Luckily, the stars aligned in more ways than one, and due to having some very generous and kind people in my life and community, taking on the trail made sense. To prepare, I assembled a modest collection of gear. All week, the weather forecast predicted rain for Sunday. Because of the elevation change, rain in lower areas may be blizzards up above, so in addition to my standard running layers, I stuffed a wool shirt, rain shell, running tights, extra socks and gloves in my hydration pack. I made some date and coconut butter bars (recipes appearing here), filled my 2L bladder, and called it good. Well, except for the revolver. It is Alaska after all.
We started on the Girdwood side at about 7:30am with not a cloud in the sky. I ditched my gloves, tights, and wool layer, but kept my rain shell just in case. Plus is was brand new and seemed sad to leave it. The trail climbs steadily for the first three miles. I began the ascent at an easy jog, but within a quarter mile or so realized that might be a bit too ambitious. My training lately has not been particularly consistent or focused, but can perhaps be described as sporadic and opportunistic. My pace eroded to a steady hike, interspersed with jogging on the flats and stopping entirely for photo ops.
Evan and Michelle had pushed a bit harder than I did to reach the pass, but waited for me at the top. By my clock, I made it in 1 hour, 11 minutes. With all of my dawdling on the way up, I have no concerns about making the hour cut-off next year during the race.
After the pass, the remaining 21 miles are mostly downhill. That always sounds like a piece of cake, but I’m frequently reminded that downhill running is my weakest area. It doesn’t take much descending to trash my quads and leave me tiptoeing. To remedy that issue, I’m planning lots of single-leg squatting and leg-pressing to prep for my upcoming runs.
The descent from the pass to the river should have been the easiest part of the trail, but presented a series of challenges. The trail was often rocky, and a few of the larger ones left me scraped and bruised since the tall and lush grasses concealed them from view. The relentless downhill pounding is taxing and really takes it out of my legs. But the views are spectacular!
It took us about four hours to climb to the pass, and then descend to the river, which is about halfway through the trail, and right on schedule. We were hoping for an 8 hour crossing, which is significantly slower than the 6 hour cut-off for the race, but much faster than the two and three days some of the backpackers we passed were taking.
After the river crossing, about 12 miles remained of the trail. Had I been a bit fitter, it would have been a blissful joy to fly all the way to the Nature Center. The trail mostly flattened out and was wide and fairly clear. Pretty much a dream run. My leg juice gauge, however, was approaching E. I did a lot of hiking, a little jogging, and after a couple of hours, no more picture taking. Beautiful! Beautiful. Pretty. Yep. Yep. Uh-huh. Uh.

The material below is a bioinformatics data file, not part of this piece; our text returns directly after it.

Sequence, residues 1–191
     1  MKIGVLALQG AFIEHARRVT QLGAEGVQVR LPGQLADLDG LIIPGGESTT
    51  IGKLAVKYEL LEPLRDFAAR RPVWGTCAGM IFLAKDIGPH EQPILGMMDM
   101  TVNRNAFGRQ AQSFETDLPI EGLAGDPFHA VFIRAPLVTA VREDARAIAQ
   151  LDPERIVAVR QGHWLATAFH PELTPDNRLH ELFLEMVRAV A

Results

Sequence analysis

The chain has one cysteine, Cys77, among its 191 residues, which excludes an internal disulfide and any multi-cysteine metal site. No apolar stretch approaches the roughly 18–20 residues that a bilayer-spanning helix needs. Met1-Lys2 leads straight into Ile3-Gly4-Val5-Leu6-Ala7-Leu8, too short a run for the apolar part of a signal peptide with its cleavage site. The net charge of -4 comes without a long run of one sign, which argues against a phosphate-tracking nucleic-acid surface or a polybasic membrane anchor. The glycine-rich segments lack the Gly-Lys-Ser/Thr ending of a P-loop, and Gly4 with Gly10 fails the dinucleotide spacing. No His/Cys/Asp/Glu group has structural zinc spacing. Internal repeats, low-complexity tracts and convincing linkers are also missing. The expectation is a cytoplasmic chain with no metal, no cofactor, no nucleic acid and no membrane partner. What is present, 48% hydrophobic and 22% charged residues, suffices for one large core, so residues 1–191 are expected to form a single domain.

Michelle and Evan drifted farther and farther ahead so I charged forward alone for the last couple of hours. As the miles went on, I crossed paths with more and more other runners and hikers, so I knew I was getting closer to the Nature Center. Some looked happy to be out in Alaska on a beautiful summer day, and others looked as beat as I felt. I’m certain the fatigue wasn’t showing on my face, though, because I felt genuine gratitude through the whole trail for all of the factors that allowed me to be out there that day.
With about four miles left, I decided I was too tanked to try running any more. With two miles left, I was so bored of walking, I had to run. I dug deep and passed onto the patio of the Nature Center in Eagle River running, 8 1/2 hours after leaving Girdwood. Not bad for a lazy Sunday.
I owe a ton of thanks for this gun-toting, beta crossing of Crow Pass. A big thank you to Jan for chauffeuring, Evan for his expertise and guidance on the trail, Maria for generously posting baby-duty, LJ for keeping me realistic, Zaz for the beer and peanut butter cups, and Michelle for making the dream become reality!
Good luck to Evan and Michelle when they take on the trail again in a few weeks for the 2014 edition of Crow Pass Crossing!
Aftermath: I was physically unready for the trail. Although I finished successfully, and felt pretty good afterwards, my legs were sore for a record-breaking (for me) four days. I had a nice selection of bruises and scrapes from the rocks on my shins and knees, and what I believe is a mild reaction to cow parsnip. Nothing, though, that will keep me from preparing for 2015!